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‘First of its kind’: AbCelex developing additive to replace antibiotics for poultry

By Aerin Einstein-Curtis

- Last updated on GMT

Related tags Immune system

© iStock
© iStock
A Canadian biotech company is working to develop an oral single-domain antibody supplement to reduce salmonella and campylobacter in poultry, says company CEO. 

The feed additive is designed to target and neutralize poultry colonizing bacteria that cause diseases in humans, and reduce disease outbreak in poultry flocks, said Saeid Babaei, president and CEO of AbCelex Technologies. The company recently received a $3.4m grant from the Canadian Government to further develop their product for commercial production.

“It’s going to be the first of its kind,”​ he told FeedNavigator. “We have a very specific targeted antibody-based approach for a part of the bacteria – our background is development of tech for human disease.”

“Our approach doesn’t kill the bacteria, but binds to a certain portion of the bacteria that renders bacteria immobile and does not allow them to divide in the chicken gut resulting in log-scale reduction of their load​,” ​he said. “We just make the bacteria useless.”

Once ingested, the product acts as a “pre-harvest strategy”​ to improve food safety by reducing the contamination in the chicken’s intestinal tract, he said. In the future, the supplement may be expanded to work with other diseases or swine.

Product details

The feed additive has been designed as a powder to mix into chicken feed, said Babaei. It provides birds, especially broilers, with a “passive immunity”​ or the antibodies needed to protect the bird from salmonella or campylobacter without needing an immune system response.

“This is not a classical feed additive or drug – it’s a passive immunity,”​ he said. The supplement works by including the antibodies in a flock’s feed, similar to what would be produced through use of a vaccine, but without the need to give the vaccine first, he added.

Antibodies can be challenging to work with as they are vulnerable to stomach acid and sensitive to the heat used in pelleting animal feed, but these have been engineered to resist those conditions, he said. “They’re notorious for degradation in the gut and high heat – our antibody has to be almost cooked for the formulation of feed to make the pellet,”​ he added.

“Our product goes to premix companies,” ​said Babaei. “It’s very stable at room temperatures up to one year, and it can be given in the drinking water as well – or produced in a live organism such as a probiotic.”

Initially the supplement is being targeted for release in the US followed by Canada and Europe, he said. “We’re looking for submission of the full data package [to the regulatory authorities] in each jurisdiction in 2018 with an expected one-year review process– so most likely an early 2019 market launch,” ​he added.

Antibiotic replacement

Part of the focus in designing the feed supplement was to allow producers to move away from the use of antibiotics in poultry production, said Babaei.

There is an increasing concern about the use of antibiotics in both the US and Canada, he said. However, there also are major challenges in using vaccines in poultry production, especially for broilers, as bird lifespans may not be as long as those in other livestock.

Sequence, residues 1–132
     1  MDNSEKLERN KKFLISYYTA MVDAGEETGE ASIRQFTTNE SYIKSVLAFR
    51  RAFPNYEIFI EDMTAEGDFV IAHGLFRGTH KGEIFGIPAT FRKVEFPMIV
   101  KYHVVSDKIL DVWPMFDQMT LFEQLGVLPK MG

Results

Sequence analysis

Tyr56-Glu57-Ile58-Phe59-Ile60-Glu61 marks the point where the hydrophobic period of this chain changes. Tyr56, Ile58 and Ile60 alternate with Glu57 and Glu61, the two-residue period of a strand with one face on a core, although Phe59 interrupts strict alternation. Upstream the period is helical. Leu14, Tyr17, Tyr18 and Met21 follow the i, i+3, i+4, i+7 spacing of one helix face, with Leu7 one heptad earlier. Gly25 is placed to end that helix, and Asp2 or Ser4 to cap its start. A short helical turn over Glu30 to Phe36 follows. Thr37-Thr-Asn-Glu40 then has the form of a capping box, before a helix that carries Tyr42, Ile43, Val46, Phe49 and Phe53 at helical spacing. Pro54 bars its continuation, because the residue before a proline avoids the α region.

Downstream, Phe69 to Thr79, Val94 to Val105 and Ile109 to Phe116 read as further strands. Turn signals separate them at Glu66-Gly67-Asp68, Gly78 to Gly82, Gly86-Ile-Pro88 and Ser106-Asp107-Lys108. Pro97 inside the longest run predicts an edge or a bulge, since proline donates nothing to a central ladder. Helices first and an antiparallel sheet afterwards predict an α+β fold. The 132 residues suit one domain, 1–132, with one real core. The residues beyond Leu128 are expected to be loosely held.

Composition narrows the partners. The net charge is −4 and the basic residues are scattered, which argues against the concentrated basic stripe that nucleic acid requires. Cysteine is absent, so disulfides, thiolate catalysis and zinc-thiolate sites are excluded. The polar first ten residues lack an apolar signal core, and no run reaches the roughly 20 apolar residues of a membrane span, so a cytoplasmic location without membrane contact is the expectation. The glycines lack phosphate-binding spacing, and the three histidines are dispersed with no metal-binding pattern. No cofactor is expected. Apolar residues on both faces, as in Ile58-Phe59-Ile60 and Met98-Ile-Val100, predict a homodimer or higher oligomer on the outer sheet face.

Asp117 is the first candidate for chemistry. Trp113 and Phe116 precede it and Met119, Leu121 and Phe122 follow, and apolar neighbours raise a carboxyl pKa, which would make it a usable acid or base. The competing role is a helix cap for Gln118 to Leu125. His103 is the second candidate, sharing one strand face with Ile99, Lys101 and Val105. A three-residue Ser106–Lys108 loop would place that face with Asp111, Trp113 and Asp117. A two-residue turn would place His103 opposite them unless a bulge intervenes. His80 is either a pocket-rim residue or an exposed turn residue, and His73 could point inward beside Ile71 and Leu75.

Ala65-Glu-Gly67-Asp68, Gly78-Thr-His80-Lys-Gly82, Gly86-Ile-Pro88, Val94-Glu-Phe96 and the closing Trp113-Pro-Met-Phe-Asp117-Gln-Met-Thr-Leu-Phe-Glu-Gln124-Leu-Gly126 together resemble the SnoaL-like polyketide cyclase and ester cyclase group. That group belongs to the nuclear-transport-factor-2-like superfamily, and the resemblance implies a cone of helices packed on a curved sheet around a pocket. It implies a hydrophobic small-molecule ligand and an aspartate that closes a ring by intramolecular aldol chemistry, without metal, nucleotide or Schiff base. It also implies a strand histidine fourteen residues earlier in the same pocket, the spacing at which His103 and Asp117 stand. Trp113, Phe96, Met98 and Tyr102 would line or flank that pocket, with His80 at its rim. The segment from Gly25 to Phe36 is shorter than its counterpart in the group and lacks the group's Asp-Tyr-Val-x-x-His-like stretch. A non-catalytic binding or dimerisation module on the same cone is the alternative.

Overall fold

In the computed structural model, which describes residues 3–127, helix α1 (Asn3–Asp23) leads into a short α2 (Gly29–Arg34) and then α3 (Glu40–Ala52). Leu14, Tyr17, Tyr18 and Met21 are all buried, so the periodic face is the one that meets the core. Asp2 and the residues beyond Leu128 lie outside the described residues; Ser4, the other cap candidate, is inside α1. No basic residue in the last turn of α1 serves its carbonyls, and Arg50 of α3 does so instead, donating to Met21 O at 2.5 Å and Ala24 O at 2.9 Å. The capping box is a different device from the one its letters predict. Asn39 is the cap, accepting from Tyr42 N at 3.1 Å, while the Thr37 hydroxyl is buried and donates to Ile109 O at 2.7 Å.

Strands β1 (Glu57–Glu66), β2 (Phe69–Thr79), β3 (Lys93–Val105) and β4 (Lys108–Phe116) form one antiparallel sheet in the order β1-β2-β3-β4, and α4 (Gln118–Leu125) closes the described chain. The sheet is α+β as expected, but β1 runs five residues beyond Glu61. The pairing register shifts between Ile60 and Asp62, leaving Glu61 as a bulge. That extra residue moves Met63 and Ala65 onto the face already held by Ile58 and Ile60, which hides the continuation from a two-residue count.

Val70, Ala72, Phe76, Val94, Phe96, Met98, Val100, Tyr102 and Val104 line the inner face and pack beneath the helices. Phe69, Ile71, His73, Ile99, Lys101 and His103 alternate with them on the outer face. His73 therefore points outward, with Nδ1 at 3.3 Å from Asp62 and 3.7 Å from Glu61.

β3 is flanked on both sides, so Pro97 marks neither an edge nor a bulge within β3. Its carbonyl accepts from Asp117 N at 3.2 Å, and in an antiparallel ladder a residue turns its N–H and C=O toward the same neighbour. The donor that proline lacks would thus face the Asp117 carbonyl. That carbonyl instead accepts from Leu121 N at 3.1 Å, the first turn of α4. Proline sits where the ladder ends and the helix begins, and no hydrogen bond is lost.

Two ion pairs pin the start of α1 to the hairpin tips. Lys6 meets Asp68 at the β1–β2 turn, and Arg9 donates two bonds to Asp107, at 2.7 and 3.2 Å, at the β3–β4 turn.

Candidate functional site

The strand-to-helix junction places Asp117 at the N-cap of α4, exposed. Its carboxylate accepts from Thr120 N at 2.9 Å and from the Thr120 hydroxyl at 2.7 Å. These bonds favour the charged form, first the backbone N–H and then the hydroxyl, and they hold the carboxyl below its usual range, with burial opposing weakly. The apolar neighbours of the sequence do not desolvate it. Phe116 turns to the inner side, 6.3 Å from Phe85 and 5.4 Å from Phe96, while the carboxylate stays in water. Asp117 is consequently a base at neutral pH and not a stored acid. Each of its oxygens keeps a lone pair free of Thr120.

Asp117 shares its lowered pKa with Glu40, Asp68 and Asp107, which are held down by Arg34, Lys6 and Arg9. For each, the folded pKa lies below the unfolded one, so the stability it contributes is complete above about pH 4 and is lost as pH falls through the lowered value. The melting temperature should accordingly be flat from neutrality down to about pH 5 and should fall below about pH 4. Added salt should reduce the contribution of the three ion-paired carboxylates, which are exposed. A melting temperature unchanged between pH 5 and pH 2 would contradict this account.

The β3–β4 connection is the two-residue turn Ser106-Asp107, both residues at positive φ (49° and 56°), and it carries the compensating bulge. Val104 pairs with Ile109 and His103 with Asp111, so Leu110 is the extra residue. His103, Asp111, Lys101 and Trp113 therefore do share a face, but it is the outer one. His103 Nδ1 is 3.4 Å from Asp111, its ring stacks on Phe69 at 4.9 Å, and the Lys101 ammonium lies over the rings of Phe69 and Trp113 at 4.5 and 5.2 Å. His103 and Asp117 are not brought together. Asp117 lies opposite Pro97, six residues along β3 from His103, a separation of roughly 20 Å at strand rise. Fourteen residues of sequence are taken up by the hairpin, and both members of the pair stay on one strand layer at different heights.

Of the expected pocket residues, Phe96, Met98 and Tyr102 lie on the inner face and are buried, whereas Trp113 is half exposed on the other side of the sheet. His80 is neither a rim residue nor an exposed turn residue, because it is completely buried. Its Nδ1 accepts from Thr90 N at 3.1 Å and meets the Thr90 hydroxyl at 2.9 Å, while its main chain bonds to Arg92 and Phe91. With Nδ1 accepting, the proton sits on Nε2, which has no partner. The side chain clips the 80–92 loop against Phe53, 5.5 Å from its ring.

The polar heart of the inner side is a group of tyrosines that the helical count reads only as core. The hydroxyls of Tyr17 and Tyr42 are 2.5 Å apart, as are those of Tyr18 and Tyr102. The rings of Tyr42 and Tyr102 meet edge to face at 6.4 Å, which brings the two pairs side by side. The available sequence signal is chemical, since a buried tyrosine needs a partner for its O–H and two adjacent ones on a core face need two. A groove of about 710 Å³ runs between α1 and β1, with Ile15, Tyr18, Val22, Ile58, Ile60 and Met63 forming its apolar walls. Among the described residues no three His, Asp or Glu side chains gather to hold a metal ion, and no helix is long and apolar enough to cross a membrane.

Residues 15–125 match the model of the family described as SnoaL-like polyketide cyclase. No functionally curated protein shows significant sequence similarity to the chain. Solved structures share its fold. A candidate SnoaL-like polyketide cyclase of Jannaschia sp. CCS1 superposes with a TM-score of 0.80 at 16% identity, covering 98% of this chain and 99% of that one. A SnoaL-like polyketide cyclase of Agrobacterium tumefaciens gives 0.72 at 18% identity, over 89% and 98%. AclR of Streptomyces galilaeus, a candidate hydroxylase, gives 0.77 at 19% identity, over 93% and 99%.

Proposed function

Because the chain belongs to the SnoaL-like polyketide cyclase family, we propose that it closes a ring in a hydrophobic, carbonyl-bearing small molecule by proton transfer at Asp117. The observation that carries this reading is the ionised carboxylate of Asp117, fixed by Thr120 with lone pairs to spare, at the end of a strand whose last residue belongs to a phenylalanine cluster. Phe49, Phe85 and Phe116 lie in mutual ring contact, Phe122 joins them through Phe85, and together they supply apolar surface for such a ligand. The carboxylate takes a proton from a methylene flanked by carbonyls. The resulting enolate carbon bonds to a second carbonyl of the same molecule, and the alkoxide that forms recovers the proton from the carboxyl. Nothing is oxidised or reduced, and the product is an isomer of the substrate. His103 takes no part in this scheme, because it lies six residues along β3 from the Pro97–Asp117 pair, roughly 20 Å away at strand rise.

“Our technology goes into play rather [quickly] and effectively,” ​he said. “There’s no need to play with the immune system, which may not be effective in the case of broilers.”

Development path

Work to design single-domain antibody-based approach started in 2010, said Babaei. The first challenges that had to be solved were preventing the product from degrading either in the process of making bird feed or in the stomach.

The two bacteria, salmonella and campylobacter were picked because they are so prevalent in bird production and are hard to manage, he said.

However, some work remains before the supplement can be brought to market, he said. “The focus right now is not on making the antibody; we’re good at that. It’s how we can produce it in mass production and economically,” ​he added.

The team is looking to perfect its technique for inexpensive production at commercial scale, said Babaei.

A different team at the company is working on tailoring the antibodies for specific regions that are host to different prevalent strains of the bacteria, he said. “Ideally the way it will work is is for AbCelex to develop specific single-domain antibodies for major regions around the globe with different pathogenic strain outbreak,"​ he added.  

"The strain specificity for salmonella and campylobacter could be different for Asia, Europe and North America, necessitating that AbCelex to develop a number of  different antibody formats for each region,"​ he said.

Additional trials also need to be completed to pinpoint the minimum use of the supplement, he said. “You’d want to give it as a treatment, but the data we have to date is as a preventative measure,”​ he added.

The Canadian funding contribution and matching funds will allow the company to scale up production and run larger field trials needed to answer questions about the use of single-domain antibodies as a treatment, said Babaei.

Future steps look to potentially expand the antibody supplement into other species like swine, he said.

“Now we know the poultry stakeholders and we may move into swine,” ​he said. “Product format and field trials would be different, but the leg work has already been done.”

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